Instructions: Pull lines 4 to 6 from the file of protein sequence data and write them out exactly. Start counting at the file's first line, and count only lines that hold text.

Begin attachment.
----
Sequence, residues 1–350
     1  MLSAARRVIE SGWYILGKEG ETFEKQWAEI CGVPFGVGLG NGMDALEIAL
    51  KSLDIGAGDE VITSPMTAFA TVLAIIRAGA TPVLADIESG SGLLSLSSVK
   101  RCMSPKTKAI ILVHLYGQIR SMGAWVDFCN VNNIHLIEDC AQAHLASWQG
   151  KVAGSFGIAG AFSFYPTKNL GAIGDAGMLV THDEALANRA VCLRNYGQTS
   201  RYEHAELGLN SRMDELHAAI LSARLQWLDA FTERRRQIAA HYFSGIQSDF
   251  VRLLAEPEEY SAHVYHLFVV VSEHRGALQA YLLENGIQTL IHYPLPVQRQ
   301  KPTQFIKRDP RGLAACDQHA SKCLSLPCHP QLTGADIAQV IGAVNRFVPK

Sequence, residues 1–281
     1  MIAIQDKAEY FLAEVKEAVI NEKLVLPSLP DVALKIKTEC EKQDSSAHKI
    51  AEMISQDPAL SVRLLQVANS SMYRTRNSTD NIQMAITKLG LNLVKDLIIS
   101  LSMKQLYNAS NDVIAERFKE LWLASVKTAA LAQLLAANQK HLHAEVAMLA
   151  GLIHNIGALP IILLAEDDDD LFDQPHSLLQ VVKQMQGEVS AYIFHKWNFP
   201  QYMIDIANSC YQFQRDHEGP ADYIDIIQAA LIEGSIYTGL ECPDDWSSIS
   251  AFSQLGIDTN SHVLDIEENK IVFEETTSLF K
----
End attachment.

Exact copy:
   101  RCMSPKTKAI ILVHLYGQIR SMGAWVDFCN VNNIHLIEDC AQAHLASWQG
   151  KVAGSFGIAG AFSFYPTKNL GAIGDAGMLV THDEALANRA VCLRNYGQTS
   201  RYEHAELGLN SRMDELHAAI LSARLQWLDA FTERRRQIAA HYFSGIQSDF